For genome-wide association studies in family-based designs, a new, universally applicable approach is proposed. Using a modified Liptak’s method, we combine the p-value of the family-based association test (FBAT) statistic with the p-value for the Van Steen-statistic. The Van Steen-statistic is independent of the FBAT-statistic and utilizes information that is ignored by traditional FBAT-approaches. The new test statistic takes advantages of all available information about the genetic association, while, by virtue of its design, it achieves complete robustness against confounding due to population stratification. The approach is suitable for the analysis of almost any trait type for which FBATs are available, e.g. binary, continuous, time to-onset, multivariate, etc. The efficiency and the validity of the new approach depend on the specification of a nuisance/tuning parameter and the weight parameters in the modified Liptak’s method. For different trait types and ascertainment conditions, we discuss general guidelines for the optimal specification of the tuning parameter and the weight parameters. Our simulation experiments and an application to an Alzheimer study show the validity and the efficiency of the new method, which achieves power levels that are comparable to those of population-based approaches.
FBAT; Liptak’s method; Tuning parameter
Current ongoing genome-wide association studies represent a powerful approach to uncover common unknown genetic variants causing common complex diseases. The discovery of these genetic variants offers an important opportunity for early disease prediction, prevention and individualized treatment. We describe here a method of combining multiple genetic variants for early disease prediction, based on the optimality theory of the likelihood ratio. Such theory simply shows that the receiver operating characteristic (ROC) curve based on the likelihood ratio (LR) has maximum performance at each cutoff point and that the area under the ROC curve (AUC) so obtained is highest among that of all approaches. Through simulations and a real data application, we compared it with the commonly used logistic regression and classification tree approaches. The three approaches show similar performance if we know the underlying disease model. However, for most common diseases we have little prior knowledge of the disease model and in this situation the new method has an advantage over logistic regression and classification tree approaches. We applied the new method to the Type 1 diabetes genome-wide association data from the Wellcome Trust Case Control Consortium. Based on five single nucleotide polymorphisms (SNPs), the test reaches medium level classification accuracy. With more genetic findings to be discovered in the future, we believe a predictive genetic test for Type 1 diabetes can be successfully constructed and eventually implemented for clinical use.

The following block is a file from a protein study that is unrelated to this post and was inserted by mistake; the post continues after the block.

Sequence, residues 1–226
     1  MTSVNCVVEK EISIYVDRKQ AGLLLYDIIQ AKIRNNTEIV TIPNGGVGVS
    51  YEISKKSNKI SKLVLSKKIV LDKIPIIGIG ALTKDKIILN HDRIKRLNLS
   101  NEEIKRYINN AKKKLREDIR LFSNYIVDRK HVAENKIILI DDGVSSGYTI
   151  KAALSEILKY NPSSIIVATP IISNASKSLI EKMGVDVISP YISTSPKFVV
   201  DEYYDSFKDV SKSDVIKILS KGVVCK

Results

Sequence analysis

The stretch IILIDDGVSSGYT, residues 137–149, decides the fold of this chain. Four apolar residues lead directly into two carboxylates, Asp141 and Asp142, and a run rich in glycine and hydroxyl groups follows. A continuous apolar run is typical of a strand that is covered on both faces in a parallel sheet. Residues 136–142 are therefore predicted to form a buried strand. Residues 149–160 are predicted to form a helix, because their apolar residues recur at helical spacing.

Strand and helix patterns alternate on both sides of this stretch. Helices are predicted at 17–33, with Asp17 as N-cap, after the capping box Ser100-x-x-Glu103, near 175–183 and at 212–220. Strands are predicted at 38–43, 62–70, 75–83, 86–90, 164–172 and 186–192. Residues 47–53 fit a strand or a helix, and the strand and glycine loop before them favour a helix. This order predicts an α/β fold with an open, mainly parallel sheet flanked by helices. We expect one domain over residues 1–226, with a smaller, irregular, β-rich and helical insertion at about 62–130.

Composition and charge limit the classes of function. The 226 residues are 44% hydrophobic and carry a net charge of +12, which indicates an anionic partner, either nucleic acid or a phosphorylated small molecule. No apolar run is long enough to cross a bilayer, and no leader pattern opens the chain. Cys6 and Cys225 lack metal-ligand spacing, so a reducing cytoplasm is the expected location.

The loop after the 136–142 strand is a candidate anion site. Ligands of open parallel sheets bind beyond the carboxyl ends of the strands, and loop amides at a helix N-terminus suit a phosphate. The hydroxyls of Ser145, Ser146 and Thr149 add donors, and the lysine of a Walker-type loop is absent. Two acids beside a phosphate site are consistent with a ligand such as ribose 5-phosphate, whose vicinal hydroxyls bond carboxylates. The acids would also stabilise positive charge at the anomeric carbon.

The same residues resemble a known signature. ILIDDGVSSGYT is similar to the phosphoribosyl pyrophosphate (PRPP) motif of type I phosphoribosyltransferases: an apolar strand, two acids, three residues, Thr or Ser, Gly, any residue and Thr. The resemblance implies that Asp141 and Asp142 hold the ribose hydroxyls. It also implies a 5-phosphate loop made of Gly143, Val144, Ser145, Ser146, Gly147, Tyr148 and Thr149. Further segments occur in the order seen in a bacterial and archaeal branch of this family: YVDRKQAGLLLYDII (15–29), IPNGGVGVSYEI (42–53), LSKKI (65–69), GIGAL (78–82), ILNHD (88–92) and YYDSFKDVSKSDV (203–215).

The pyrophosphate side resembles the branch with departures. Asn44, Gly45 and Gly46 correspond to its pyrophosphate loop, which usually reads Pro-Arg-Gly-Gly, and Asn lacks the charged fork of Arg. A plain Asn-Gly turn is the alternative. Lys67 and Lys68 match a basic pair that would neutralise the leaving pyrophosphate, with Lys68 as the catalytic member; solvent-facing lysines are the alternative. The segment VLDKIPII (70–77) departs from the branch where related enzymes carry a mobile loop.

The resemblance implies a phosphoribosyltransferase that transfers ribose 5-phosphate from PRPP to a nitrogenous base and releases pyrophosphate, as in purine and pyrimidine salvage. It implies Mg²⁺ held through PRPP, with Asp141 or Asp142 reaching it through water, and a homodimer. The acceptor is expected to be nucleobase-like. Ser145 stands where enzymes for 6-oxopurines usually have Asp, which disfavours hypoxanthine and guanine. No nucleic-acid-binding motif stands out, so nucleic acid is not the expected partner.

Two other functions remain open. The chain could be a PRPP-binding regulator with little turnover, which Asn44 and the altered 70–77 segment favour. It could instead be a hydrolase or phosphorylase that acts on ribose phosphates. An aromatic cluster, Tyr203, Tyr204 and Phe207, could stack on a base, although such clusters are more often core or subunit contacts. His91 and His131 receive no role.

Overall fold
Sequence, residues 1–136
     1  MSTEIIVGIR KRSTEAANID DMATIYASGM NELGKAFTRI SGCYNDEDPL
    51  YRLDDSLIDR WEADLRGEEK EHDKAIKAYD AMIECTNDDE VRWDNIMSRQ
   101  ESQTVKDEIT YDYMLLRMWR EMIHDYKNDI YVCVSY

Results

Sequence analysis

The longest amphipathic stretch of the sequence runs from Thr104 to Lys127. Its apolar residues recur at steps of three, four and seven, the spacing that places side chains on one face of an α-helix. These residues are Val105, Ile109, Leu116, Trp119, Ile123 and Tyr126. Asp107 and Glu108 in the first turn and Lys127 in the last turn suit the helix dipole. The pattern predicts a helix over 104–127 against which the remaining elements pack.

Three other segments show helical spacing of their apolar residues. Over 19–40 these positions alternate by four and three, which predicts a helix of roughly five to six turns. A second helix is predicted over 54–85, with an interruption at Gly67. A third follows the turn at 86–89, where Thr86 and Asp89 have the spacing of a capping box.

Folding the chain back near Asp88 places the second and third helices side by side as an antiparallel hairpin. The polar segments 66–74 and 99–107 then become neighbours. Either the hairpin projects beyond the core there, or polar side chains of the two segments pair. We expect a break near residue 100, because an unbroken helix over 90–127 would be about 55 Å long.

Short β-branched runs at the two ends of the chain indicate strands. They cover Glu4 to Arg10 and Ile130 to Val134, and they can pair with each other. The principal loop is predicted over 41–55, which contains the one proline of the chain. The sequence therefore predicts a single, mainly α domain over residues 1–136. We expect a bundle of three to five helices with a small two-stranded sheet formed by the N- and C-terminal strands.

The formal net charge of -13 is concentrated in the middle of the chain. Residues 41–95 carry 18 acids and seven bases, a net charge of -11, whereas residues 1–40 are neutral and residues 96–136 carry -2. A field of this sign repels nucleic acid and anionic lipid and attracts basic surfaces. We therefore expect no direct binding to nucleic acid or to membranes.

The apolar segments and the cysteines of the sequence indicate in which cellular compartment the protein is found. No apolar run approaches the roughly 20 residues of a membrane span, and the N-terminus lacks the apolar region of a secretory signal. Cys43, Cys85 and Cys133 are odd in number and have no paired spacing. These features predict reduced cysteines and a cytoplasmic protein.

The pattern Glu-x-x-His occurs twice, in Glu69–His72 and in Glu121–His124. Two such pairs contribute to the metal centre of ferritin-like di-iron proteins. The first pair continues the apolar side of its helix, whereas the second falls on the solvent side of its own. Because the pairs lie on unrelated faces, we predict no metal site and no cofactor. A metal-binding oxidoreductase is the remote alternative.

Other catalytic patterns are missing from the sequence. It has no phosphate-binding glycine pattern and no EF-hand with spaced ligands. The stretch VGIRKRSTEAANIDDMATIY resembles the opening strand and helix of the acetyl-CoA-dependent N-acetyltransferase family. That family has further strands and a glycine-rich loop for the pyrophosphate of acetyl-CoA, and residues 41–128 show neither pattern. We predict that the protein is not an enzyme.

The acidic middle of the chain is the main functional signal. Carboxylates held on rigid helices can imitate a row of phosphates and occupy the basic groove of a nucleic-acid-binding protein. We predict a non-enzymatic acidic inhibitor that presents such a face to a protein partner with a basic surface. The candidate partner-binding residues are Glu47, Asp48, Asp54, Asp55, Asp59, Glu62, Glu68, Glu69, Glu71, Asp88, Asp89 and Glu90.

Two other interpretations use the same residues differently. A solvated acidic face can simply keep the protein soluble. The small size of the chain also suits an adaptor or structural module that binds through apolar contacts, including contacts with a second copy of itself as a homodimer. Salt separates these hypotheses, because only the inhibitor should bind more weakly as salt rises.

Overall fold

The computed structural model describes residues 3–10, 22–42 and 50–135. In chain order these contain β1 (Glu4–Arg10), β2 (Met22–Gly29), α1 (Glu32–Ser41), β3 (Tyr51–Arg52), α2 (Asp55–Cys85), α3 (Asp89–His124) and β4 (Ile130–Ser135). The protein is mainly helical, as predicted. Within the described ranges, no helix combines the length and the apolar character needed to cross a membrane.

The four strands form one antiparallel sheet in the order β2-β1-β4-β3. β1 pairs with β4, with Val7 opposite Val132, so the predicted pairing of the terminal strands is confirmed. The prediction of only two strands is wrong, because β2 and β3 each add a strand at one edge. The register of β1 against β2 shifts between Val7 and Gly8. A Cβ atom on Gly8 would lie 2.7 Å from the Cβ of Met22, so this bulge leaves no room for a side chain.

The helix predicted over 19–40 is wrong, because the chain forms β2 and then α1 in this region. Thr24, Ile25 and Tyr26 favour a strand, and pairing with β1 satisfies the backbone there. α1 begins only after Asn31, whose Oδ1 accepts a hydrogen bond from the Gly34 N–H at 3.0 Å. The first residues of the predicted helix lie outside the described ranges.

Backward clustering; Classification tree; Cross validation; Logistic regression
In case-control Single Nucleotide Polymorphism (SNP) data, the Allele frequency, Hardy Weinberg Disequilibrium (HWD) and Linkage Disequilibrium (LD) contrast tests are three distinct sources of information about genetic association. While all three tests are typically developed in a retrospective context, we show that prospective logistic regression models may be developed that correspond conceptually to the retrospective tests. This approach provides a flexible framework for conducting a systematic series of association analyses using unphased genotype data and any number of covariates. For a single stage study, two single-marker tests and four two-marker tests are discussed. The true association models are derived and they allow us to understand why a model with only a linear term will generally fit well for a SNP in weak LD with a causal SNP, whatever the disease model, but not for a SNP in high LD with a non-additive disease SNP. We investigate the power of the association tests using real LD parameters from chromosome 11 in the HapMap CEU population data. Among the single-marker tests, the allelic test has on average the most power in the case of an additive disease; but, for dominant, recessive and heterozygote disadvantage diseases, the genotypic test has the most power. Among the six two-marker tests, the Allelic-LD contrast test, which incorporates linear terms for two markers and their interaction term, provides the most reliable power overall for the cases studied. Therefore, our result supports incorporating an interaction term as well as linear terms in multi-marker tests.